This is the second time GE has sued a competitor for infringing this patent. In 2010, GE sued Mitsubishi Heavy Industries, the fifth largest wind turbine manufacturer, for infringement of the ’705 patent in the U.S. District Court for the Northern District of Texas. The court awarded GE approximately $170 million in damages and a permanent injunction. However, GE and Mitsubishi later settled the lawsuit in 2013. Though the terms of the settlement were not disclosed, it likely included a cross-license of intellectual property between the parties.

GE has not indicated the amount of damages it seeks from Vestas in the present lawsuit. However, GE alleges that Vestas has willfully infringed its patent, noting that GE subpoenaed Vestas’ US subsidiary and one of its electrical engineers during the Mitsubishi litigation, and that Vestas would therefore have been aware of GE’s ’705 patent. A finding of willful infringement would entitle GE up to treble damages.

Vestas has indicated it believes GE’s lawsuit is without merit and that it intends to challenge it. Given its size, Vestas has leverage it can exert to push back against GE in the litigation. For one, Vestas has approximately 560 U.S. patents, which its attorneys are no doubt reviewing to identify possible counterclaims against GE for infringement of Vestas’ patents. Vestas will also likely look to the details of the Mitsubishi litigation for additional arguments it can make to challenge GE’s patent. However, GE’s patent has already survived several validity challenges at the U.S. Patent and Trademark Office (USPTO). Nevertheless, as with the Mitsubishi case, the litigation between GE and Vestas will likely result in a settlement, likely including a cross-license of intellectual property, and the settlement terms will depend on the relative leverage the parties are able to apply.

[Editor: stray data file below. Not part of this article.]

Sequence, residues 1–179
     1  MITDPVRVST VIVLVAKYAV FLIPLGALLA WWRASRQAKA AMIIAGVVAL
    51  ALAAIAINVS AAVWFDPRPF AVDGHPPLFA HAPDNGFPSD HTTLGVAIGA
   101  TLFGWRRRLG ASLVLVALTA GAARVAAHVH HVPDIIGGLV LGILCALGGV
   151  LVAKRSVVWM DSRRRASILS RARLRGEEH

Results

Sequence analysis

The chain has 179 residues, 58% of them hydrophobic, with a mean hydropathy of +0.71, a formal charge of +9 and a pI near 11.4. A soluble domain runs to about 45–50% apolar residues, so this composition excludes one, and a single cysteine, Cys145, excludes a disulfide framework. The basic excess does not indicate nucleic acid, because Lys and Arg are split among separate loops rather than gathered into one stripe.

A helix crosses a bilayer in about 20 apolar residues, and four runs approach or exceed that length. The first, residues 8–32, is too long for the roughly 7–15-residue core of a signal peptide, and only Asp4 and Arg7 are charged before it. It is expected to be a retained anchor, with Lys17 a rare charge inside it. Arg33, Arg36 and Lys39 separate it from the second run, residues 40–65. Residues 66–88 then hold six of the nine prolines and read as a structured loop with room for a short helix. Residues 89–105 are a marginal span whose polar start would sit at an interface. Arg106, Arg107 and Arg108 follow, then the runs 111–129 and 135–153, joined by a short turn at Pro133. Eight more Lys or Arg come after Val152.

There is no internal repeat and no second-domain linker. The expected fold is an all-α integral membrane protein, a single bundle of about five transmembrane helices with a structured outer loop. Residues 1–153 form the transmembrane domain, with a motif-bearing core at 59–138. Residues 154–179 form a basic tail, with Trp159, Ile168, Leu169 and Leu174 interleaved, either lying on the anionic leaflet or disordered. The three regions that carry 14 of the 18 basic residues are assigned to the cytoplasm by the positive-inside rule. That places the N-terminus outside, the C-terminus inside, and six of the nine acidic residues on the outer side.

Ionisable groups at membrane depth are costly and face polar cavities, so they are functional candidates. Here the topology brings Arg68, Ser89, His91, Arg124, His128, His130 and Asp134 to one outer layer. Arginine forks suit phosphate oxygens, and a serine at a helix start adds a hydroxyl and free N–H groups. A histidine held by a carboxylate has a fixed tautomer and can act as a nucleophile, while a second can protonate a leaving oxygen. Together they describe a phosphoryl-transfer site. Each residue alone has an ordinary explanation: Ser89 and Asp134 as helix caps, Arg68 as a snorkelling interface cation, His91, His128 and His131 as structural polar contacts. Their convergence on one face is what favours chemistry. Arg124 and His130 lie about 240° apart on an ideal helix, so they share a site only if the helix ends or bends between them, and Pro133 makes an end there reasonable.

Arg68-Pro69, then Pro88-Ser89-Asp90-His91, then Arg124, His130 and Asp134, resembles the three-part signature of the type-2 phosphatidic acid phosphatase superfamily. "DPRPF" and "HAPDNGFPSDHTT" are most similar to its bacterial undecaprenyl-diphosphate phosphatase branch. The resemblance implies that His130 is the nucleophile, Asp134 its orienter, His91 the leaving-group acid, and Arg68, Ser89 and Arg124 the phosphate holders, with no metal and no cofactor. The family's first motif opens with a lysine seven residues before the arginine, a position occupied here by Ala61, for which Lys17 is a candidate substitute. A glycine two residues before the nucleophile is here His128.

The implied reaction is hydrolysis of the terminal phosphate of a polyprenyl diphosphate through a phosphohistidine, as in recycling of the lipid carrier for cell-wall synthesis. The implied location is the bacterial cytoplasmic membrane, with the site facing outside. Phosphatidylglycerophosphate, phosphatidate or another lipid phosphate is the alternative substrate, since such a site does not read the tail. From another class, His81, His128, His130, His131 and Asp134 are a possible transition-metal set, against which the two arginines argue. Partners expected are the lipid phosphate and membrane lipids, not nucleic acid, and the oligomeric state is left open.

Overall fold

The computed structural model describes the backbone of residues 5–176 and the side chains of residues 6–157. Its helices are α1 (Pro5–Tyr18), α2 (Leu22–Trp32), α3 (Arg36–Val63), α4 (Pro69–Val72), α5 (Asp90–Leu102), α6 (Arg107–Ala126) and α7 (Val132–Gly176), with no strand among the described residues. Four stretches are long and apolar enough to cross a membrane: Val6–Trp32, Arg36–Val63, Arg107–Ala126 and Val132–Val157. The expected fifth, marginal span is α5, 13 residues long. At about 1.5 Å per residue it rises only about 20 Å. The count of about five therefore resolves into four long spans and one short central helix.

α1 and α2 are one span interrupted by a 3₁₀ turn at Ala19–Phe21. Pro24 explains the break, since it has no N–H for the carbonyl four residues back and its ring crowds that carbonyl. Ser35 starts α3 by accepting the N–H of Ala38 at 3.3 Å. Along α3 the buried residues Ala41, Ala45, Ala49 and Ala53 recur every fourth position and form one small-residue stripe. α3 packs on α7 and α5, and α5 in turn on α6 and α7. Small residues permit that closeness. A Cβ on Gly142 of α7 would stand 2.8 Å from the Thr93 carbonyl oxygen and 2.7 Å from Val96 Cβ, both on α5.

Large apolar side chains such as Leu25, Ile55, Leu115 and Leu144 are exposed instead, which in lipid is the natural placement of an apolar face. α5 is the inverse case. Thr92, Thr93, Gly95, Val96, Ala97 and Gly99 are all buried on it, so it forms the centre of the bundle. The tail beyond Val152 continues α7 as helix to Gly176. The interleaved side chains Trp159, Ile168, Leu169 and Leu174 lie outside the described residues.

Vestas will be under pressure to resolve the lawsuit as soon as possible to avoid the uncertainty of litigation affecting existing or new agreements with developers for the supply of wind turbines. The longer the litigation continues, the greater the level of uncertainty such developers may feel, possibly causing them to opt for another wind turbine supplier. Vestas’ potential counterclaims against GE may have the same detrimental effect on GE. Therefore, a prolonged legal battle between the parties is likely to do more harm than good to both parties, as well as the U.S. wind power industry as a whole.  :(